Creating a culture of excellence in cardio assessment
Young researchers are gaining top-level training and exposure to the latest in image-based heart monitoring, assessment and disease diagnosis, thanks to an EU-funded collaboration between industry, clinics and researchers that could lead to better outcomes for cardiovascular patients.
© 7activestudio, #131697754, 2019. source: stock.adobe.com
Cardiovascular diseases (CVD) are responsible for some 37 % of all deaths in the EU and 26 % of productivity losses, and they cost the economy up to EUR 210 billion annually, according to the latest European Heart Network figures.
Although CVD diagnostics and therapies have drastically improved outcomes, better tools providing more integrated assessment of cardiac function in clinical practice are sorely lacking. The EU-funded CARDIOFUNXION project was created to fill this gap.
It combines advances in digitally enhanced or image-based CVD assessment tools with model-based physiological knowledge and clinical guidelines. It provides a platform for industrial-clinical-academic collaboration that will lead to more efficient tools for interpreting how well a patient’s heart is functioning.
The project, supported by the Marie Skłodowska-Curie programme, is working on integrating higher education, clinical users and technology providers into a culture of excellence and opportunity. This means more training and exchanges for early-stage researchers involved in imaging techniques for assessing cardiovascular disorders much earlier. Earlier diagnosis means earlier treatment and improved outcomes.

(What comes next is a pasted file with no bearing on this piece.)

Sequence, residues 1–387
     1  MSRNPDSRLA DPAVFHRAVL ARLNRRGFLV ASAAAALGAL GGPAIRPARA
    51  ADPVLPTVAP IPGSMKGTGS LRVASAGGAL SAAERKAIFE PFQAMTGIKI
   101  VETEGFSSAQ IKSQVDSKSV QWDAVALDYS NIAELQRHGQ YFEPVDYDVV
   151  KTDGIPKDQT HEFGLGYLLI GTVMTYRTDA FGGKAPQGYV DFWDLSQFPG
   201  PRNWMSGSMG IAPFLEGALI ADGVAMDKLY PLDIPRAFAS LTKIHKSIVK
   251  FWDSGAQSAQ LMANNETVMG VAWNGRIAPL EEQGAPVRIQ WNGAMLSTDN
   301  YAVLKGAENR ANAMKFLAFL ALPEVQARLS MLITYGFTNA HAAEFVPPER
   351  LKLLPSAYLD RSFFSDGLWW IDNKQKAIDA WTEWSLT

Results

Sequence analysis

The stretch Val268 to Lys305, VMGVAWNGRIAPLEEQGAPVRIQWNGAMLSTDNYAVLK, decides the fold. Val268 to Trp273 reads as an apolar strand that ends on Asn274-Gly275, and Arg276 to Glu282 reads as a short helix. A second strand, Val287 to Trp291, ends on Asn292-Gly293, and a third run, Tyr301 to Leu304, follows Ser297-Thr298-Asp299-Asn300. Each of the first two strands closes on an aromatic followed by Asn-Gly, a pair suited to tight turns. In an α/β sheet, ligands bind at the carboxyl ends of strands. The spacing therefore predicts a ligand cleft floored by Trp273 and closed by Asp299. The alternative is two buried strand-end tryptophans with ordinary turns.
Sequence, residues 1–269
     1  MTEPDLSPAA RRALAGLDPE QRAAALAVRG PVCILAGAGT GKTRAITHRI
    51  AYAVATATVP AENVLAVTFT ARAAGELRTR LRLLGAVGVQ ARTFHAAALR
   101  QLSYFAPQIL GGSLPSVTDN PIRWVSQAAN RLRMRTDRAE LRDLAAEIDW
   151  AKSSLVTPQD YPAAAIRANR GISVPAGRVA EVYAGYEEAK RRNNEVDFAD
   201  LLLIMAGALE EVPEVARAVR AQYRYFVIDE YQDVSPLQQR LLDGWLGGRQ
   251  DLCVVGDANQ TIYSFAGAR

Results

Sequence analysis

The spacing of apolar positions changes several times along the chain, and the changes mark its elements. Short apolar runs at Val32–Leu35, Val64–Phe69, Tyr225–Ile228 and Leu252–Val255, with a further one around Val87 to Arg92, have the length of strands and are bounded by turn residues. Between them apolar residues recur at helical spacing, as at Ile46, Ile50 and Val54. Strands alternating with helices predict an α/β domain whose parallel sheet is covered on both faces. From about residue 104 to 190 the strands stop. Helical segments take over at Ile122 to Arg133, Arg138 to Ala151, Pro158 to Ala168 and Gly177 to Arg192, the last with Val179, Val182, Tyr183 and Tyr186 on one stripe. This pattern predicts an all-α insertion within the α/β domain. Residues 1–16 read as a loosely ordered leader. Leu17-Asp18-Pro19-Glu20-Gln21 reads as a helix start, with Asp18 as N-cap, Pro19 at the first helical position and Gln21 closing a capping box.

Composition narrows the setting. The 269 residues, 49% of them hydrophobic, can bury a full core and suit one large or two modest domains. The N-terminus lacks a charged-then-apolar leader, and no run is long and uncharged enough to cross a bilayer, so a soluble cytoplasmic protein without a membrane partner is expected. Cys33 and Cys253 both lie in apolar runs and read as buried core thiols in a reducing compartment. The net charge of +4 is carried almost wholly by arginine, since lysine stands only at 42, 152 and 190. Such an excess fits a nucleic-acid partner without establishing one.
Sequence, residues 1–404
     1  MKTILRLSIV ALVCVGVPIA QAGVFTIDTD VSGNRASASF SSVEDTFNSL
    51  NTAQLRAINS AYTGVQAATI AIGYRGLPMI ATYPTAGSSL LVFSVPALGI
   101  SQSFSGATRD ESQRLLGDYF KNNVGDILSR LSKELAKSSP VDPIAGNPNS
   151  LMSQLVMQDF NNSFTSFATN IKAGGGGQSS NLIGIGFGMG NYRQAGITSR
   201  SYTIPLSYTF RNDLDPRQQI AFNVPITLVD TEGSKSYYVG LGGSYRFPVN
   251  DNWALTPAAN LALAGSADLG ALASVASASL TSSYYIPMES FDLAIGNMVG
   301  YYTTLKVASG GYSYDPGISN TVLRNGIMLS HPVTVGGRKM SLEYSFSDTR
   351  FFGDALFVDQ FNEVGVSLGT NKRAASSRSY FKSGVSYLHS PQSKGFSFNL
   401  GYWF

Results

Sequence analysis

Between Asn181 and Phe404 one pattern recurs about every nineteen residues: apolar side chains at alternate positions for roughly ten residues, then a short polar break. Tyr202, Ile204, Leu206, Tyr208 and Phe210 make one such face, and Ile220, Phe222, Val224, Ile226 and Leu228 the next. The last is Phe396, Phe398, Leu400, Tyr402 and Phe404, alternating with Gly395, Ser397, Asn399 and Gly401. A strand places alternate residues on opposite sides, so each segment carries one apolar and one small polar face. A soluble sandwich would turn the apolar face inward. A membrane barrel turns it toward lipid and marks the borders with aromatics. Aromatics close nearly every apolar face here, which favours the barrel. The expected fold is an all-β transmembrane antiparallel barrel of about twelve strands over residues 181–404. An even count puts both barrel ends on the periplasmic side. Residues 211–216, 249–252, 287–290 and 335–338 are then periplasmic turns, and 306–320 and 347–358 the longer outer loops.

From strength to strength
To date, several winter and summer schools have been organised covering topics directly aligned with the training network’s main themes: cardiovascular physiopathology, cardiac image processing, ultrasound-based quantification, cardiovascular modelling and ‘virtual physiological human’ investigations.
Several peer-reviewed publications have come out of these activities; one looked at innovations in mesh-less electromechanical heart modelling, which could eliminate the need for manual editing and pre-processing.
Participating researchers have also developed a new statistical framework for integrating longitudinal data, which improves disease screening. Several have worked on methods to integrate 2D and 3D echocardiographs, making it easier to monitor and diagnose CVD, as well as other advances.
Together, the partners involved in the project cover the spectrum of relevant multidisciplinary, multi-sectoral expertise. ‘The early-stage researchers thus benefit from a holistic view of the topic and gain first-hand experience in academic, industrial and clinical research and development,’ notes the team.